Acknowledgements Our work was greatly supported by the guidance of many scholars and professionals in the field of sustainable development. Dr. Susanne C. Moser provided early guidance. Orion Kriegman and Dr. Paul Raskin of the Tellus Institute assisted us in scoping our thesis topic. Raskin’s work Great Transition, as well as other papers from the GTI Paper Series, informed our research and writing process, and the Great Transition Initiative, an online global dialogue, was an inspirational guide throughout. Dr. Robert Costanza was very generous with his time, and helped direct us to invaluable resources for our research. He put us in contact with Dr. Carole Crumley of the Stockholm Resilience Center, who generously offered her help, though we became too overwhelmed to follow-up her offer. Dr. Tom Crompton, Change Strategist at the WWF-UK, offered his assistance via email and telephone, and his recent writings were a major inspiration for our thesis. Dr. Crompton, Dr. Lee Ahern of Penn State University, Dr. Joshua M. Tybur of New Mexico State University and Dr. Jens Agerstrom of Lund University provided invaluable expertise from a social psychological perspective. Brendan Moore and Edith Callaghan, our thesis advisors, also helped to steer our work, alerting us of pitfalls, important details, and academic taboos. Our shadow group and cluster group—too many to name—offered suggestions throughout our writing process. The entire trajectory of our research emerged out of the shared mental model that we had formed surrounding the work of Dr. Karl-Henrik Robèrt. The influence of his scholarship upon our work cannot be overemphasized. Individual Acknowledgements: D.H. Strongheart: To Zia Luminiah del Monte Sol Hicouri: Congratulations Zia on completing your 8th circumnavigation of the sun while I was away! Your bright and joyful spirit helped me to stay happy through the long winter!!! Thank you, Shawna, and everyone else who helped to care for Zia while I was away. Jennie, you are truly unconditional in your love. I am sure that you know I never would have been able to accomplish this without your support. To the mountains of New Mexico, thank you for endless inspiration and the capacity to love my mother Earth. Tayupa. Tatewari. Hicuri. Haramara. iii


Florence Obison: A special thanks to our shadow group for the wonderful suggestions they gave us to help make our work clearer and to all our classmates for their interest in our work and their encouragement that reassured us that our work was worth the effort. My wonderful thesis partners, Fabio Bordoni and D.H Stronghert, I learnt a whole lot from you and I’ll always be grateful for the opportunity of working with you. To my dear husband, for always being there and strong for me. To my family for the continual sacrifices you make to ensure that my dreams come true. To all my friends, thank you for your encouragement and support. Fabio Bordoni: I would like to express my inner gratitude to Erik for sharing his vast knowledge, to Max and Lupo for their friendships, to my late friend Alex for all the great talks in spring ’07, where everything started, and to my parents for accepting I was away once more. My contribution to this dissertation is dedicated to the memory of my grandmother, Rita, who has never stopped caring about me, even since she left.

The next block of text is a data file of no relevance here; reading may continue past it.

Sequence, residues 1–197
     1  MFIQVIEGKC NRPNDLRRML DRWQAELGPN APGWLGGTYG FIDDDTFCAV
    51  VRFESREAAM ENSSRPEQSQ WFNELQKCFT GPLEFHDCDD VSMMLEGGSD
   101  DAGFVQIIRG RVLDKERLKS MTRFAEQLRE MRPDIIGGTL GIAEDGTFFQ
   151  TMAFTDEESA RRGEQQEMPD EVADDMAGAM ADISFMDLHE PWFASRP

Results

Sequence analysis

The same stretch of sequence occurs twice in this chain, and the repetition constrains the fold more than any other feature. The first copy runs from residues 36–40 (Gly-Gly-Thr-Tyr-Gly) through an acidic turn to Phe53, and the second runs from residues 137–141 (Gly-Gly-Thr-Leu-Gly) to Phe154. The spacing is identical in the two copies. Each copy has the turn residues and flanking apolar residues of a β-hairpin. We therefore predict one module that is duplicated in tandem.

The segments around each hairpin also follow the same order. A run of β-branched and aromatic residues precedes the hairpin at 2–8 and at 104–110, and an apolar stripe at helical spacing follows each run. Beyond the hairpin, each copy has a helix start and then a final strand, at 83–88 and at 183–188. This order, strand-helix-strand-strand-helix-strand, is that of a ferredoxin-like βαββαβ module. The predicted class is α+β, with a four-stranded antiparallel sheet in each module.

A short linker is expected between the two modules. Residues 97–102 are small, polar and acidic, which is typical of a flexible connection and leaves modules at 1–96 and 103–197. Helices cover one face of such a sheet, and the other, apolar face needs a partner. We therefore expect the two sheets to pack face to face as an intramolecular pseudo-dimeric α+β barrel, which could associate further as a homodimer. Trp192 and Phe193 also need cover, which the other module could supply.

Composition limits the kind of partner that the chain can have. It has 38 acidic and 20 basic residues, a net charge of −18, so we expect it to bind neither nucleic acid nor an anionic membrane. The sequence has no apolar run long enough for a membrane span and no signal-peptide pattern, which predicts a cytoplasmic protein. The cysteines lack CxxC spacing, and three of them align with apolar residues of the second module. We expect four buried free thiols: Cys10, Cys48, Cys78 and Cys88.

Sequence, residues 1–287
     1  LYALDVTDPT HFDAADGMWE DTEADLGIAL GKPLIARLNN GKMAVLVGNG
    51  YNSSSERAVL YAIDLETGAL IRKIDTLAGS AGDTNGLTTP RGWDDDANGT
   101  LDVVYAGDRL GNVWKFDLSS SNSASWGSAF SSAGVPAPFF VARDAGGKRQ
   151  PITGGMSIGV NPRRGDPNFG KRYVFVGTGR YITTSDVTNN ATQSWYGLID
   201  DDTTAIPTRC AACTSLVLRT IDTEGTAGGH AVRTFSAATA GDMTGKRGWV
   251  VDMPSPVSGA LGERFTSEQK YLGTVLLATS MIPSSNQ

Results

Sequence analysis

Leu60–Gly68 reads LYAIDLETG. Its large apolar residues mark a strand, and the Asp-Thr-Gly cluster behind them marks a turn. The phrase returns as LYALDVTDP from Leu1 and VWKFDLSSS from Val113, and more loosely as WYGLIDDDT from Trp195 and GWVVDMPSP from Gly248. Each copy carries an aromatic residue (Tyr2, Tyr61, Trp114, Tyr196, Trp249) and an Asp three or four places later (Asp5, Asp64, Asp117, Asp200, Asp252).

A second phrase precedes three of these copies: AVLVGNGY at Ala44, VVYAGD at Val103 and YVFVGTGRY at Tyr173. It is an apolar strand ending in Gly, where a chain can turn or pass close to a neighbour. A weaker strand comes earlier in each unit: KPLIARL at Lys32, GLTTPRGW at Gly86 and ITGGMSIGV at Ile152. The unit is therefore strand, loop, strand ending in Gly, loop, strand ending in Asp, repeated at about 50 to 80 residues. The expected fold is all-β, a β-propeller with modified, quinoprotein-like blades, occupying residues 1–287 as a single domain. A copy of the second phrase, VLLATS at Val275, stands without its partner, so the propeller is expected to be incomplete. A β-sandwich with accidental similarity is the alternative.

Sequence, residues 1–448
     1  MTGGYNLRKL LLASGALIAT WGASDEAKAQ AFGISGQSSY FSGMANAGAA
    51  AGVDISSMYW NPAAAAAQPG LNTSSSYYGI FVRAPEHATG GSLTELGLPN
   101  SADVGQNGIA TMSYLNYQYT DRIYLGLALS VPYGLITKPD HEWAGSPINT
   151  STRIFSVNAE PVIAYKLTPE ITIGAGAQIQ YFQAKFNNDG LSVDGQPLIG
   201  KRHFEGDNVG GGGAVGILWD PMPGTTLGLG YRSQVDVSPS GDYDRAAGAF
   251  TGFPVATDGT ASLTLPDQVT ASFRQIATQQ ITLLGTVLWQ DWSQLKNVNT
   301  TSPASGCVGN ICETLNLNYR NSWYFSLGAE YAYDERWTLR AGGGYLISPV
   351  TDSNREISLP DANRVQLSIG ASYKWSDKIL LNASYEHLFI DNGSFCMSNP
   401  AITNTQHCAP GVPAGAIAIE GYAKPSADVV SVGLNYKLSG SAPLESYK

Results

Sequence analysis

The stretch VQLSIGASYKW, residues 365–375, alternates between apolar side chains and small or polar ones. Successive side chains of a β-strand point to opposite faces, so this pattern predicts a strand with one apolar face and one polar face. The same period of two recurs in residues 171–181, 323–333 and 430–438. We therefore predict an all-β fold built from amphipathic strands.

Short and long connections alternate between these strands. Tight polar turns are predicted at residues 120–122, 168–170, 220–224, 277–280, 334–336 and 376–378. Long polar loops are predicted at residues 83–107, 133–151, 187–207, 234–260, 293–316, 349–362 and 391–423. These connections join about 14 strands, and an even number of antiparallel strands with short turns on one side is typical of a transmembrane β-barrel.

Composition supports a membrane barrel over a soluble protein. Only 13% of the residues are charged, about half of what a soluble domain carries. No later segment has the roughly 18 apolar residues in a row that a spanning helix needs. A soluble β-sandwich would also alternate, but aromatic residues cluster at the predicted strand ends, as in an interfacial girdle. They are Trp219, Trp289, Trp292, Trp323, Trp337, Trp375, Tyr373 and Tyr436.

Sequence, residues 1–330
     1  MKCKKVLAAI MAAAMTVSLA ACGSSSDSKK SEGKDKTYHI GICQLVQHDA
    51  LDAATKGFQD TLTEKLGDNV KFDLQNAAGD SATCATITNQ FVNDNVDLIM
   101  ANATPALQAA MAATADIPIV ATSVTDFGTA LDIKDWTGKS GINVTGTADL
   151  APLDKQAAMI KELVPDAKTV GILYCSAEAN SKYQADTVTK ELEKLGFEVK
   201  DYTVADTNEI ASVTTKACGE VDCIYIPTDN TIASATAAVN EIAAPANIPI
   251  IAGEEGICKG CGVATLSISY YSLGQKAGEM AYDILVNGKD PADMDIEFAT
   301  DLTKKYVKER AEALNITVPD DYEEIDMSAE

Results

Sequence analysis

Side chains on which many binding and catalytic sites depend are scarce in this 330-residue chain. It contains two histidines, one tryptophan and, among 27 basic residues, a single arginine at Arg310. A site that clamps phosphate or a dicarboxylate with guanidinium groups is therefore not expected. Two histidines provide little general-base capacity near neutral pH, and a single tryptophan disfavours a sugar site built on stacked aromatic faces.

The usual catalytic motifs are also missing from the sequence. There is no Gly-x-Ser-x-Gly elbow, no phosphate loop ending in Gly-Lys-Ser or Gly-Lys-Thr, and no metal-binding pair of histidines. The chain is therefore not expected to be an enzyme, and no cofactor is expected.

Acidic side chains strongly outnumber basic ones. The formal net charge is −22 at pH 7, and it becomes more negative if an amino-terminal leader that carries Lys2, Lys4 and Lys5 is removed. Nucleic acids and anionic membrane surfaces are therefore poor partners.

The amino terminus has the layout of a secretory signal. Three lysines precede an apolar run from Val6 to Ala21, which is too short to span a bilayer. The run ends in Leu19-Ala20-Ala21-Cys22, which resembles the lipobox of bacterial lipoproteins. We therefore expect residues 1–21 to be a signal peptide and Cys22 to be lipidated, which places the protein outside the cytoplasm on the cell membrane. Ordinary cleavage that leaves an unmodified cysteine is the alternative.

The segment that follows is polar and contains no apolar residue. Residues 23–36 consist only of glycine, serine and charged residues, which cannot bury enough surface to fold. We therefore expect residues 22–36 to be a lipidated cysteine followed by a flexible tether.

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Executive Summary Introduction A successful transition towards sustainability is unlikely to be realized without the collective effort of a significant percentage of the world’s citizens. In attempting to engage everyday people in significant actions towards sustainability, the design of effective communication strategies at all scales and via multiple media becomes critically important. Predominant communication efforts for sustainable development have focused on promoting awareness through a number of strategies. Attempts to engage citizens have thus far focused predominantly on small changes to private-sphere behavior and small adjustments to consumption patterns. However, even the most “sustainable� products available to consumers rely on inherently non-sustainable patterns of production and distribution. While they represent an important start, small consumer actions are incapable of changing the non-sustainable course of our global society. History has shown that dedicated, collective citizen actions have immense potential to reshape the world. For the ultimate success of sustainable development, there is a great need to promote collective, public-sphere actions consciously aimed at redirecting society away from non-sustainable lock-in, and towards comprehensive sustainability. In this thesis, we refer to such actions as participatory sustainable development. In attempting to enlist willing participants in participatory action agendas, communicators will confront a number of psychological barriers. Psychological barriers to action represent subjective psychological conditions that can be affected by individual acts of free will. In order to maximize participation in collective action agendas aimed at removing environmental barriers to sustainability, communicators must attempt to dissolve the psychological barriers that inhibit participatory action. One primary psychological barrier to participatory citizen action is the fact that most people tend to view global problems of non-sustainability as distant, abstract and irrelevant to their daily lives. Most problems of non-sustainability are notoriously subtle and imperceptible. They involve chemical reactions and nutrient cycles that occur on microscopic scales, and also biogeochemical and climatic cycles that operate at the scale of the entire planet. Furthermore, the negative v